Accuracy in Media

On May 21, ABC News investigative reporter Brian Ross appeared on CNN’s Reliable Sources program with host Howard Kurtz, a media reporter for the Washington Post, charging that the government was tracking his and other reporters’ phone calls. Kurtz treated the charges as factual and “ominous.” But one week later, on May 28, Kurtz was on the show looking into whether Ross had smeared House Speaker Dennis Hastert by falsely claiming he was the target of a federal corruption investigation. Former ABC News reporter Linda Douglass, a guest on the show, thought Ross’s report about Hastert was exaggerated, to say the least.

Was Ross reliable one week and not so reliable the next? Or was he off-target in both cases? And is it time for Brian Ross to be put out to pasture?

Hastert blamed the FBI for leaking the false information to Ross, in retaliation for Hastert’s criticism of an FBI raid on the congressional office of Democrat William Jefferson. If the FBI was behind the leak, it would not be the first time that Ross has been misled by his FBI sources.

His bio at the ABC News website claims that, “Following September 11, Ross and the Investigative Unit broke numerous stories about the investigation into the terrorist attacks and anthrax letters.” It doesn’t say that Ross, acting on information provided by his FBI sources, falsely implicated Dr. Steven Hatfill in the anthrax attacks.

More recently, my associate Roger Aronoff noted that Ross did a story smearing conservative Supreme Court Justice Antonin Scalia for attending a conservative legal conference. Ross falsely suggested Scalia had deliberately skipped John Roberts’ confirmation as Chief Justice in order to go on a junket.

This is not to say that Ross hasn’t done his share of good pieces. His expos? of sexual misconduct by U.N. peacekeepers stands out as an excellent piece of work. But his recent work has made him into a laughingstock. The damage to his reputation has been compounded by his unwillingness to correct the record and apologize to Hastert.

On the matter of the feds supposedly tracking his phone calls, Ross told Kurtz that he found out from “a senior federal official” who told his colleague that “We know who you are calling; you should get some new cell phones and quick.” Ross said he was also told that reporters at The New York Times and The Washington Post were having their calls tracked as well, and that “it seemed consistent with the information we know, that the CIA has made several criminal referrals to the Department of Justice, the FBI, based on stories that the Post and the Times have run about CIA secret prisons and the Jim Risen story at The New York Times about NSA wiretapping. In both cases, those agencies have confirmed that criminal investigations have begun.”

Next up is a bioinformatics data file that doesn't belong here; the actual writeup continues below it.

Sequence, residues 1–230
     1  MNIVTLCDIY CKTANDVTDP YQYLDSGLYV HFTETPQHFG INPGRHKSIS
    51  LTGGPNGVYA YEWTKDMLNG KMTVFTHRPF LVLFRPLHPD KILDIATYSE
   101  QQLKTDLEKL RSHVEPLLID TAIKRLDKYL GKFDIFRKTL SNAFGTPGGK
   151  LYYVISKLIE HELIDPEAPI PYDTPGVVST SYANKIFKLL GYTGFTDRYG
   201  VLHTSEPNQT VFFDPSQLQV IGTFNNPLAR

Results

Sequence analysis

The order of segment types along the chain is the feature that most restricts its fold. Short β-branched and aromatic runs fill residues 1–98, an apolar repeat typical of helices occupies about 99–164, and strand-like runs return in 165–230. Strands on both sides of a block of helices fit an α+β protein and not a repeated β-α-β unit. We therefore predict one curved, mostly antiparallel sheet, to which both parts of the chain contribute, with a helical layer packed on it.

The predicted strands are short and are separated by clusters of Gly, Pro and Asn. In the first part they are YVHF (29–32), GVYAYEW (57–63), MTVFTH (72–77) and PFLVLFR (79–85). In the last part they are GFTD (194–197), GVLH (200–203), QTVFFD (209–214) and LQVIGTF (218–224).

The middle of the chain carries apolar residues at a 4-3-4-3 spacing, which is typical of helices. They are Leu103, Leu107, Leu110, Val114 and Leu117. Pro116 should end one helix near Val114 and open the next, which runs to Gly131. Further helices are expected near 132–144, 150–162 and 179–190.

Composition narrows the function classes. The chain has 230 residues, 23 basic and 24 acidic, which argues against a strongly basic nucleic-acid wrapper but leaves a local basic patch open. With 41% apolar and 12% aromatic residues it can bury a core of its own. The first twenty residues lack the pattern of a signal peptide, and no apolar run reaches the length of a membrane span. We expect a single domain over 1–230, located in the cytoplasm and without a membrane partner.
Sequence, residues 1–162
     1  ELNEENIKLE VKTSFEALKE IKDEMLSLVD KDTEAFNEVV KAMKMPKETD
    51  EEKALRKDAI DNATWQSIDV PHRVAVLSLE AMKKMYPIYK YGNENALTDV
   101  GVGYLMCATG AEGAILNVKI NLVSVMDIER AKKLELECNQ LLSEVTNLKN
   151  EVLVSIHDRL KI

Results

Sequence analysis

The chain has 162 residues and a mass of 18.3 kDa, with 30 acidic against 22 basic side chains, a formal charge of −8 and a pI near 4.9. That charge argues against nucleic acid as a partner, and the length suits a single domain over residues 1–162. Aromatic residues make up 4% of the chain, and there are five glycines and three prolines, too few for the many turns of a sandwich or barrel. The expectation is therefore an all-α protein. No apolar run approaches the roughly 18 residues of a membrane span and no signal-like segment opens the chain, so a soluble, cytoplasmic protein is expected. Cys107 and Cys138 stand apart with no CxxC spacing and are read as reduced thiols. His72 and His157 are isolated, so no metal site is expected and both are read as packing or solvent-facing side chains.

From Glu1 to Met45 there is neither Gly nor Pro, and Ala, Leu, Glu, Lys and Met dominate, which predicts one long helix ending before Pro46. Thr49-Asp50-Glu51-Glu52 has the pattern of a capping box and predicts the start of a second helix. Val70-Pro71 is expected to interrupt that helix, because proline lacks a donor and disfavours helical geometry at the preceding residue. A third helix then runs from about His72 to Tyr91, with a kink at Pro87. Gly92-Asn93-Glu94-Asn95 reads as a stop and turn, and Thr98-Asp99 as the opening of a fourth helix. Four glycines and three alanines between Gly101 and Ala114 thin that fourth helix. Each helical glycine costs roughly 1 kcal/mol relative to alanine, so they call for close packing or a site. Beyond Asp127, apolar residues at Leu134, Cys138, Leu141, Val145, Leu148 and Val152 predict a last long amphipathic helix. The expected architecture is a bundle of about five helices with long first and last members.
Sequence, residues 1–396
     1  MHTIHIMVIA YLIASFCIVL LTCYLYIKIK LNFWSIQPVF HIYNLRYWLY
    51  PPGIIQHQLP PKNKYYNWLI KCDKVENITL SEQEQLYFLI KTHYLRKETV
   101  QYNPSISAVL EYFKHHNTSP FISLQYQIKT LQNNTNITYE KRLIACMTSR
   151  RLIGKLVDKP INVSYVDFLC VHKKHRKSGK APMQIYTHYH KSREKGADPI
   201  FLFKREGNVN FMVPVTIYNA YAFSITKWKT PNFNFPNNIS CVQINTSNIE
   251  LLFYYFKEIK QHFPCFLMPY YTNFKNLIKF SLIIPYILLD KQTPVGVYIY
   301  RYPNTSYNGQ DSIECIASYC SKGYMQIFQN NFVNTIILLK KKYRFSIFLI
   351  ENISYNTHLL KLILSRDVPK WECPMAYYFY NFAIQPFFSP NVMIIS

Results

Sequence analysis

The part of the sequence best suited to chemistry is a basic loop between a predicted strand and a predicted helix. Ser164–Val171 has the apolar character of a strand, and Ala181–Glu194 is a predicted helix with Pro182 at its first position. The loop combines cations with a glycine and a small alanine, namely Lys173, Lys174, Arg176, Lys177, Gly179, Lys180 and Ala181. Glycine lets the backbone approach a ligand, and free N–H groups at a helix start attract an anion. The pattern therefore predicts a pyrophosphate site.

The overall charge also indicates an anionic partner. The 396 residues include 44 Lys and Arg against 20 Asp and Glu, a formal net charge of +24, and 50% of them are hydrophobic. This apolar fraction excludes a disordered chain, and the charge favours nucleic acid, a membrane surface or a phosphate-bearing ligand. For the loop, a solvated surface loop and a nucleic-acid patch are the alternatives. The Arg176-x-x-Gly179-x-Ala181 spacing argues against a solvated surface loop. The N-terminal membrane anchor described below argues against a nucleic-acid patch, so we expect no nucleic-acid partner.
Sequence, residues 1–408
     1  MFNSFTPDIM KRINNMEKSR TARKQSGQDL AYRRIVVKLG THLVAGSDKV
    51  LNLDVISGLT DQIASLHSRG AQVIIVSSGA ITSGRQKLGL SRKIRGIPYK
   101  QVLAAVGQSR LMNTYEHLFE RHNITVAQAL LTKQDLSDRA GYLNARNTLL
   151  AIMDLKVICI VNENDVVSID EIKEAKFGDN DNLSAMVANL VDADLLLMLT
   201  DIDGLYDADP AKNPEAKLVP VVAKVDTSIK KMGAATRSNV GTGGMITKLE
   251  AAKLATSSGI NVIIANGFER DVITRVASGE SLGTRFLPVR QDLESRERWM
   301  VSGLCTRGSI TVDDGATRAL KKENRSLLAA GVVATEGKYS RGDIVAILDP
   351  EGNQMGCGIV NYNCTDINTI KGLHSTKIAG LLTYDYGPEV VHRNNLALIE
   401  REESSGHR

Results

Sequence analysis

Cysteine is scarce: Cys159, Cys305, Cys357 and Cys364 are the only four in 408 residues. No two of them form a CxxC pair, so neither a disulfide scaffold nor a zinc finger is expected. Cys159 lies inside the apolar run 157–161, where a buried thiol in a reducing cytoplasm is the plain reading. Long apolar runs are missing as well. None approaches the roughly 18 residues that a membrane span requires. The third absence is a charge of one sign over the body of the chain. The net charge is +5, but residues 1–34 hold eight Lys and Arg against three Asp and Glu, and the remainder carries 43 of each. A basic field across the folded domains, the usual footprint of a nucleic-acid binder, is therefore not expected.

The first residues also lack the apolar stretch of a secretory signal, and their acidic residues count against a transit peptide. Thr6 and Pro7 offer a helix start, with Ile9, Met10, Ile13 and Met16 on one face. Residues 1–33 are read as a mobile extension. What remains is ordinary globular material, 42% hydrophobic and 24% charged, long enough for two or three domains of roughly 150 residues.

Kurtz asked Ross why, if sources are leaking classified secrets, “shouldn’t the government be able to investigate and track down which reporters they’re talking to?” Ross conceded that he thinks “they should be able to investigate, if they feel there’s a crime. But I think going after reporters’ phone calls and phone records is a way of chilling and preventing us from doing our job. And if you are chilling reporters, you are chilling the First Amendment. And I think that the public’s right to know in this case supersedes these issues. If, on their own, they can figure it out, I think that’s fair game, in a way.”

Perhaps Ross fears that his sources will be exposed as being as unreliable as those who told him the whopper about Hastert being under investigation.

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